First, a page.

2. Employee contribution rates:
The PSPRS employee contribution rates were modified in ARS 38-843 as a result of SB1609. The new rates are as follows:
E. The amount contributed by a member pursuant to subsection C is:
1. Through June 30, 2011, 7.65 per cent of the member’s compensation.
2. For fiscal year 2011-2012, 8.65 per cent of the member’s compensation.
3. For fiscal year 2012-2013, 9.55 per cent of the member’s compensation.
4. For fiscal year 2013-2014, 10.35 per cent of the member’s compensation.
5. For fiscal year 2014-2015, 11.05 per cent of the member’s compensation.
6. For fiscal year 2015-2016 and each fiscal year thereafter, 11.65 per cent of the member’s compensation or 33.3 per cent of the sum of the member’s contribution rate from the preceding fiscal year and the aggregate computed employer contribution rate that is calculated pursuant to subsection B, whichever is lower, except that the member contribution rate shall not be less than 7.65 per cent of the member’s compensation and the employer contribution rate shall not be less than the rate prescribed in subsection B.
If you notice in in the final paragraph above, the employee contribution rate crests at 11.65% starting on July 1, 2015. Again, during our negotiations, we asked for a mechanism by which the employee contribution rate could and would be reduced, based on the health of the fund. This was another proposal that was not considered for the final bill.
The following proposal addresses correcting the issue:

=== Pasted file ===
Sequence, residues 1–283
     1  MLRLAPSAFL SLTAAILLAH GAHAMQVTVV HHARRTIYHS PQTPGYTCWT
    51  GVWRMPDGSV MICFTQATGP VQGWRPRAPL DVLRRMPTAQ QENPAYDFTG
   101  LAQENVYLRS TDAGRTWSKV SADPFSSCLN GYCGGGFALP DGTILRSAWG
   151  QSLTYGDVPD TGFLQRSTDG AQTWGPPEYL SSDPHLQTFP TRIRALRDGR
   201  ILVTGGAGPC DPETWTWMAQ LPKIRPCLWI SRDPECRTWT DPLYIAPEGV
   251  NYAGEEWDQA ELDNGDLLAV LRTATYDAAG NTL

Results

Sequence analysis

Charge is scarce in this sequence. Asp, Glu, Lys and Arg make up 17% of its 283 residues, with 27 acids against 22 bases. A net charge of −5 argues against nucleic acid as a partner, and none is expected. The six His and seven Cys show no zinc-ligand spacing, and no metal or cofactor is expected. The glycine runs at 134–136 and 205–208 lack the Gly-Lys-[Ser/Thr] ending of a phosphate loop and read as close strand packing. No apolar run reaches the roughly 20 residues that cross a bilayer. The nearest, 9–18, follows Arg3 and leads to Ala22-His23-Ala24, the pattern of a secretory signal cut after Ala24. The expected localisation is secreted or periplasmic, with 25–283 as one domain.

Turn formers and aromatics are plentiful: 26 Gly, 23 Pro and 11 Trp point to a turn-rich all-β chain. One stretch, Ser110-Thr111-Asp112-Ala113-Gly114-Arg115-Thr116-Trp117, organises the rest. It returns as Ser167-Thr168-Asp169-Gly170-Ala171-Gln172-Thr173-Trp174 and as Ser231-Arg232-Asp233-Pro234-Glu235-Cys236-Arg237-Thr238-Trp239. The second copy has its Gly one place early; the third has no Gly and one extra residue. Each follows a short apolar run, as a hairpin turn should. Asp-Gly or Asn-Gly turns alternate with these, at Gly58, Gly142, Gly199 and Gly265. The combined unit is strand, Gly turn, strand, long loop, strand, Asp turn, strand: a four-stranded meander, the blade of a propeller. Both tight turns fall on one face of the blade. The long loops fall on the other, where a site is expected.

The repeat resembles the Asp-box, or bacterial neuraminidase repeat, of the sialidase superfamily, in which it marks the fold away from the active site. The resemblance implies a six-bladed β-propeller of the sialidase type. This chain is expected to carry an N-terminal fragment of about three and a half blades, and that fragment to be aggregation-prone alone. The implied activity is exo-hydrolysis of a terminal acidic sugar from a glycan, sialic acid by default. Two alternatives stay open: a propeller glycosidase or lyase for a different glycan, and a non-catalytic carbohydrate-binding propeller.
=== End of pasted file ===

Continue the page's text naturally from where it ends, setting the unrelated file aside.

Employee contributions into the retirement fund shall be maintained at their current rate once the fund balance reaches an actuarial balance of 85%. Once the fund reaches a 90% actuarial balance, the employee contribution rate shall be reduced to 9.65%. When the fund balance reached 95% actuarial balance, the employee rate shall reduce to 7.65%. Under no conditions shall the employee contribution rate go below 7.65%. If the fund balance reaches a level below an actuarial balance of 8%, an increase in employee and employer contributions shall be mandatory, following existing contribution models and standards, with the amount of the increase to be determined by the board. Contribution rates will decrease as noted above when the aforementioned actuarial funding levels are achieved.
The one point that needs to be remembered, particularly by the legislature, is that the platform for “pension reform” was based on the need to increase the long-term health of the pension fund. While some of the changes brought about by SB1609 do just that, there are those, as mentioned here, that go beyond what was asked.
I can tell you that AHPA, along with other public safety groups, was heavily involved in many of the discussions regarding the pension legislation. AHPA will continue to work diligently with our partner groups in the APA to address these issues. The APA has made it clear that its legislative agenda will focus only on the aforementioned proposals; proposals that affect all of the public safety personnel that put their lives on the line every day.